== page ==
flash the right answer
Students in Nadia’s Dighalgram Netaji Vidyapith High School hold up coded answer sheets in their classroom
|The web camera installed in the classroom reads every coded sheet and
transfers the answers to a laptop for storage
| The laptop is connected to a screen that displays the students’ answers, allowing instant evaluation of the chidlren’s performance. Pictures by Ranjit Sarkar
Microsoft has opened yet another window in a school in a remote village in Nadia.
Students answer multiple-choice questions at Dighalgram Netaji Vidyapith High School at Nagarukhra in Nadia’s Haringhata block, in a striking new way. It’s a bit like Kaun Banega Crorepati’s fastest-finger-first round, only easier and far less expensive.
They wave sheets of paper at a camera and the monitor on the teacher’s desk displays their answers. Such question-answer sessions are being increasingly integrated into the class lessons at the school in an attempt to make learning easier and with more fun.
Microsoft’s research team in India developed the students’ response system called “qCard”, which uses an ordinary webcam and symbol-coded sheets of paper to instantly recognise, collect, process and analyse students’ responses to multiple-choice questions very quickly and in an inexpensive way.
The answer sheets that the students hold up are all unique and coded. Each answer sheet has four letters printed in four corners. Each letter stands for an option. A student holds up the corner he thinks has the right option to a multiple-format question. The camera scans the paper and the answer is on display before the teacher.
It leads to an immediate appraisal of each student, says Nilanjan Nath of the Calcutta-based Future Society, a non-profit organisation working to improve the standard of education in unprivileged areas. The society has worked with Microsoft to implement the “qCard” at Dighalgram high school as a pilot project in Bengal.
“This is the pilot project of the qCard system in Bengal,” said Bill Thies, a senior researcher of Microsoft’s research team for ‘Technology for Emerging Market’, which has developed the qCard. This is a landmark success. We will further refine this technology based on the experience of the students and their feedback.”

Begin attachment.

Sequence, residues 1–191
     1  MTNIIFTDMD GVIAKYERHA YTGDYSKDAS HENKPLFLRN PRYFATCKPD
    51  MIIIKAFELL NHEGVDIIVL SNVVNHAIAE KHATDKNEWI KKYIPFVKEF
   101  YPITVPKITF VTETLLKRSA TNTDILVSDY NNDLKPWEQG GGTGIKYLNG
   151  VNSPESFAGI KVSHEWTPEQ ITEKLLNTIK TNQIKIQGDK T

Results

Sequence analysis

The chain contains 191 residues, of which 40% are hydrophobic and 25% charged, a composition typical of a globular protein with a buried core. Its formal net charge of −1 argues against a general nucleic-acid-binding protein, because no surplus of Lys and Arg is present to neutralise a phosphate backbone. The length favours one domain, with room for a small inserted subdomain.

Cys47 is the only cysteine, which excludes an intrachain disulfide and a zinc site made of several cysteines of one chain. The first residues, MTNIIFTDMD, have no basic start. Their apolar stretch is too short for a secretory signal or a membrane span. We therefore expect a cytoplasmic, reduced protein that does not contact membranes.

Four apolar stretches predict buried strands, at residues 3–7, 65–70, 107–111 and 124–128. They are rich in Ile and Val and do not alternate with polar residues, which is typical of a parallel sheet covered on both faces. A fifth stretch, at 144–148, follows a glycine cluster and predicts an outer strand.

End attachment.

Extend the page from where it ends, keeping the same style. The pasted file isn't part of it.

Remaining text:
PricewaterhouseCoopers India Foundation has contributed to the project by donating five laptops to the school.
This is the first formal implementation of the qCard project after a trial in Bangalore. It is being used at Dighalgram school regularly to teach students in Classes VII-X.
Brojen Konar of Future Society, who has been training the teachers at the Nadia school on qCard, elaborated further on how the programme works. Each sheet of paper contains a printed code — the quick reference (QR) code. By holding up different corners of the sheet, the students can answer in four ways to the multiple-choice questions (i.e. A, B, C or D).
When a student waves a sheet at the webcam, the software helps the camera scan the code, recognise it and then aggregate the students’ responses to record the information in the computer in real-time so as to display the answer simultaneously.
Each student is identified by a different card pattern. Since it is his card number that shows up and not his name, it does not lead to an embarrassment if he has not answered correctly, though the teacher easily identifies how each student has responded.
“Microsoft has developed QR codes of different types which can be printed on plain paper and can be photocopied in required numbers to give them to students for their response,” Konar added.
In the usual question hour, students raise their hands to respond to a question. But it could inhibit the timid students. “In the qCard system the test is complete, accurate and reflect their immediate understanding. As the answer of each students is recorded in the database, it becomes easy for a teacher of the concerned subject to assess the progress of the student,” said Konar.
Santanu Mandal, the headmaster of the school, said he was happy with the qCard experiment.
“We are grateful to Future Society for recommending us to Microsoft and implement their qCard technology in our school. It is a landmark success in upgrading the school that is located in a remote rural area of a poor economic zone to bring it at the par with any modern school of urban areas,” he said. “All our students and teachers are computer literate and they face no problem.”
Students Sujoy Mandal, Prahelika Gyne, Taniya Mandal and Sikha Mandal, all of whom study in Class X, were unanimous in their opinion that lessons are more fun now.
“Now we can answer more questions in less time. This system has also made us confident and studying and answering questions are more fun now,” Sujoy said.
The school has several other credits to its name.
Earlier, the school, at Mandal’s initiative, had installed CCTV cameras to monitor lessons in all classes. If a teacher is absent, the headmaster takes classes from his room through video-conferencing.
All students of the school are computer literate.
“Now the qCard will record the progress and achievements of students daily. We have asked the teachers to prepare question banks. The new education guidelines of the government gives emphasis on the multiple-choice question format,” Mandal said.
Swarup Dutta, the spokesperson for Future Society, said: “Feedback is a very important aspect for students. The qCard system can provide feedback in real time.”